3 Replies Latest reply on Jul 15, 2014 3:46 PM by Jared Conway

    shell mesh and bolt connectors revisited

    Mark Scholten

      Hi everyone,


      i am setting up a static analysis of a sheetmetal duct, consisting of bolted plates. i am using shell mesh, no penetration contacts and bolt connectors. from a previous very similar project i have learnt that the stresses in bolt connectors are dependent on mesh density, especially when the length of the bolts is less than 5 times the radius. in this case that ratio is a lot smaller than 5 for all of the bolts. KB S-058593 and S-059588 suggest to use solids at least locally, but that is not an option for me, because there are very many components in the assembly. As is, the study does not complete.


      given that i am refining the mesh around the bolt holes, would it make sense to:

      1. decrease the shank radius so that the bolt length over shank radius ratio is smaller than 5, so that the study is able to complete (the shank cross-sectional area is now way too small, so that reported stresses and strains become way too high)
      2. set the head and nut diameters to the real values to maintain the behaviour of the material around the bolt hole
      3. define a custom bolt material using a value of Enew=((old radius / new radius)^2)*Eold (this should make the strain of the bolt with reduced shank radius equal to the strain of the original bolt
      4. check bolt forces afterwards to make sure none of them break (necessary because the ultimate stress of the bolt material was unchanged).




      does this sound reasonable or should i quit tinkering benaeth the hood and go with the work-around i used previously (switching to bonded contacts, extracting interface forces and then calculating bolt forces manually)?


      thanks for your thoughts,


        • Re: shell mesh and bolt connectors revisited
          Nicholas Luyster

          Hi Mark,


          In this case, I would recommend that you create at least two simulations.  I often do this is with large simulations that have many parts.  By creating multiple simulations, you can devote your computational resources to the locations of interest and get much more accurate results in a shorter amount of time. 


          In one simulation switch over to solid elements and refine the mesh at the bolt holes.  It's okay to leave the rest of the mesh relatively coarse.  Then, in subsequent simulations, you can coarsen the mesh at the bolt holes and devote your computational resources elsewhere. 


          All the best,


          Nick Luyster


          Online SolidWorks Simulation Training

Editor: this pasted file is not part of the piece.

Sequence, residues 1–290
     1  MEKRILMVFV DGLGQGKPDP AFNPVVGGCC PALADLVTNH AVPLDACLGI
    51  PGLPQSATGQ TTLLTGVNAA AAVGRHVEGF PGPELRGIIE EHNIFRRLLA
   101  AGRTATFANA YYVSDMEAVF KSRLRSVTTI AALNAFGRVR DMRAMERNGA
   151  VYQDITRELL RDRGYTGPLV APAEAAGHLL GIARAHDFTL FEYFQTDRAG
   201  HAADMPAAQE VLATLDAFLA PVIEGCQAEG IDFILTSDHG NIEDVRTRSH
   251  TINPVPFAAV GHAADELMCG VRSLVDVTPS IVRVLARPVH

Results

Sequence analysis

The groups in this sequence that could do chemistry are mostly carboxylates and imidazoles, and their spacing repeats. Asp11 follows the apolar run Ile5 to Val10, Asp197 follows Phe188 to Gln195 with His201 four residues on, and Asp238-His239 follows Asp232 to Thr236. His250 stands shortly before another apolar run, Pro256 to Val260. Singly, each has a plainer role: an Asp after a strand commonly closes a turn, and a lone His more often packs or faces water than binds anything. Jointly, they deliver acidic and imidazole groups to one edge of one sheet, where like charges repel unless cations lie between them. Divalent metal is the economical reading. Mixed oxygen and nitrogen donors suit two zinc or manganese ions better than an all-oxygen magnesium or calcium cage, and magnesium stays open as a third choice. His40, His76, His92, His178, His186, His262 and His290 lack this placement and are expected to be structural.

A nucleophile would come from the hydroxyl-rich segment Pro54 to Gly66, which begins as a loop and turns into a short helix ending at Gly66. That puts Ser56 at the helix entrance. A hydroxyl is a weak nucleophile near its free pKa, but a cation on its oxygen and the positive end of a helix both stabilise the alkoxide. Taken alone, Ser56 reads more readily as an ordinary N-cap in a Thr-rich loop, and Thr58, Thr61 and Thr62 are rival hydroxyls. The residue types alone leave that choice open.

• Re: shell mesh and bolt connectors revisited
            Shaun Densberger

            define a custom bolt material using a value of Enew=((old radius / new radius)^2)*Eold (this should make the strain of the bolt with reduced shank radius equal to the strain of the original bolt


            Can you provide additional explanation for how you came up with this relation?


            In theory, what you need to do for this to work is modify the material properties of the smaller shank bolt such that it has a stiffness matrix that matches the large shank bolt. This is where it gets tricky.


            SW uses rigid links to connect the two ends of a beam element to the respective shell/solid elements. While I haven't found a specific reference to it, I'd be surprised if SW didn't use Timoshenko beam theory for their beam elements. A beam element has 6 DOF per node for a total of 12 DOF (although I think in the beam element for a bolt connection the on-axis rotational DOF is released, but we'll ignore that for the sake of this), so the stiffness matrix has 144 terms.


            Some of the terms in the stiffness matrix are a function of the length of the beam (L), and some are a function of L, E (Young's Modulus), I (Second Monument of Inertia), G (Shear Modulus), A (cross-sectional area), and k_s (shear area factor). The coefficient for the entire stiffness matrix is a function of all of these variables. Now you see the problem.


            This is an interesting work-around, but I think the more important question here is why the KB suggests to use solid elements when the ratio is a lot smaller than 5. Understanding this is required in determining whether your work-around (or any other for that matter) will in fact work, or whether it'll just lead to inaccurate results. If determining all of this isn't feasible, then I suggest going with previous methods that you know work for you.


            I'd also like to point out that, at the end of the day, SW bolt connection tool is just an idealization; even under the best conditions theresults are not going to be highly accurate (at least the stresses around the bolted material...shear and tensile forces can be fairly reasonable).

            • Re: shell mesh and bolt connectors revisited
              Jared Conway

              what is the goal of the analysis? can you post a picture of what you're working with?


              if you're just trying to hold things together and you don't care about the bolt forces, then there are better ways to do it


              if you want the bolt forces, working around bolts isn't going to be a good idea. setup the analysis differently and extract the bolt forces a different way


              if you want to go with your workaround, build a test case and test it. that is the only way to know if it works.